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How Hollywood Does It

Fred Thompson makes his bid for President official

By Aaron Broder | null null , null
Republican presidential hopeful Fred Thompson speaks during a rally in Des Moines, Iowa, Thursday, Sept. 6, 2007. (Photo: ©Charlie Neibergall/AP Images)
Republican presidential hopeful Fred Thompson speaks during a rally in Des Moines, Iowa, Thursday, Sept. 6, 2007. (Photo: ©Charlie Neibergall/AP Images)

While most Republican candidates for President sparred in a debate this week, former Tennessee Senator Fred Thompson visited a late night talk show to announce his bid for the presidency.

The road to his decision was a long one. Back in May, Thompson announced he was "testing the waters" to gauge popular support for his candidacy. Five months later, he says research shows America wants him to be President.

On Wednesday night, while the other potential Republican candidates debated in New Hampshire, Thompson appeared on The Tonight Show with Jay Leno. Leno asked Thompson about the temperature of the water he "tested." Thompson declared the water was "very warm." As the audience burst into applause, he added, "I am running for President of the United States."


True to his Hollywood training, Thompson wasn’t done making news. He announced again, more formally, at midnight on his Web site. He also made it clear the Internet will play a big role in his candidacy.

"My friends, I have come to you today to tell you that I intend to run for President," he said in an online video. Thompson used the rest of the 15-minute video to talk about his plans for the country. His three core principles as President, he said, will be security, unity, and prosperity, which is also his campaign motto.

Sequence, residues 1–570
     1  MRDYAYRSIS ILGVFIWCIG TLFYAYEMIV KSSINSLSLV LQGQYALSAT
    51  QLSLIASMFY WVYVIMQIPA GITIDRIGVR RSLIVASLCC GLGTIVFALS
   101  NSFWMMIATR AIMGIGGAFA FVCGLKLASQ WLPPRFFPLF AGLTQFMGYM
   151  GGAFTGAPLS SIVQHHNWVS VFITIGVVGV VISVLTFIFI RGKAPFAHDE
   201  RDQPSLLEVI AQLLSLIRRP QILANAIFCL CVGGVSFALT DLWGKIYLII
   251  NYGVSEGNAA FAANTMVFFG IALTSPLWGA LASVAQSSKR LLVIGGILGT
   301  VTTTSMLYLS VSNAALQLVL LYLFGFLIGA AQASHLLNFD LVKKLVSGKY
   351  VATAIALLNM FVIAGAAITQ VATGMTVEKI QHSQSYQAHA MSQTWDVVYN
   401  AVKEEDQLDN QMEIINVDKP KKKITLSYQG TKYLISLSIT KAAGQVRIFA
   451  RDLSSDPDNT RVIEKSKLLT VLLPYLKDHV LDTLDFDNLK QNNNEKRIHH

He also made an appearance—of sorts—at the televised debate among his rivals. Thompson aired his first campaign ad during the broadcast.

Now officially on the campaign trail for the first time, Thompson will woo voters in the early primary states of Iowa, New Hampshire, and South Carolina. He then plans to top off his first week with a homecoming event in his hometown of Lawrenceburg, Tennessee, on September 15.


Though he may be new to the race as an official candidate, Fred Thompson ranks in the top tier of Republican choices. Popularity polls show him in second place behind former New York Mayor Rudolph Giuliani. Thompson’s late entry means he has to build support in multiple states in only four months. (Primary elections and caucuses begin in January 2008.) In other words, he has some catching up to do.

The actor/politician is probably counting on name recognition to help. He first made a splash in the political world as a member of the committee investigating the Watergate scandal that lead to President Richard M. Nixon’s resignation. He also served on the trial involving a Tennessee governor accused of selling pardons to prisoners. He then played himself in a movie about that trial.

His acting career continued until 1993 when he ran for and ultimately won the U.S. Senate seat vacated by Al Gore when Gore became Vice President. Thompson remained in the Senate until 2002, when he returned to television in the role of Arthur Branch on Law and Order.


Scholastic Kid Reporters are on the campaign trail. Keep up with the latest election news in this special report.

About the Author

Aaron Broder is a member of the Scholastic Kids Press Corps.

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